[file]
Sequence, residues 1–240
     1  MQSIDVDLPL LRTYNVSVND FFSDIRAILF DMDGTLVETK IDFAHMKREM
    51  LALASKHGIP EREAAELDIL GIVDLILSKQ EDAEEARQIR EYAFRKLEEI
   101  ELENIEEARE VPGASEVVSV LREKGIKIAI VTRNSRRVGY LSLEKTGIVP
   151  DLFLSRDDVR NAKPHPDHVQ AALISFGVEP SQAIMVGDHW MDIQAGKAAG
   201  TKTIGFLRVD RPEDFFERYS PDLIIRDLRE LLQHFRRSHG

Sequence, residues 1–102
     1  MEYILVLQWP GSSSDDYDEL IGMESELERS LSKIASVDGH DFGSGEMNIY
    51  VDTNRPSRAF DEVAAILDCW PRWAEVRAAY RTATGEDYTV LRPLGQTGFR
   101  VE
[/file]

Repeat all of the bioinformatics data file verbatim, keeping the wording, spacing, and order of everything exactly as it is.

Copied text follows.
Sequence, residues 1–240
     1  MQSIDVDLPL LRTYNVSVND FFSDIRAILF DMDGTLVETK IDFAHMKREM
    51  LALASKHGIP EREAAELDIL GIVDLILSKQ EDAEEARQIR EYAFRKLEEI
   101  ELENIEEARE VPGASEVVSV LREKGIKIAI VTRNSRRVGY LSLEKTGIVP
   151  DLFLSRDDVR NAKPHPDHVQ AALISFGVEP SQAIMVGDHW MDIQAGKAAG
   201  TKTIGFLRVD RPEDFFERYS PDLIIRDLRE LLQHFRRSHG

Sequence, residues 1–102
     1  MEYILVLQWP GSSSDDYDEL IGMESELERS LSKIASVDGH DFGSGEMNIY
    51  VDTNRPSRAF DEVAAILDCW PRWAEVRAAY RTATGEDYTV LRPLGQTGFR
   101  VE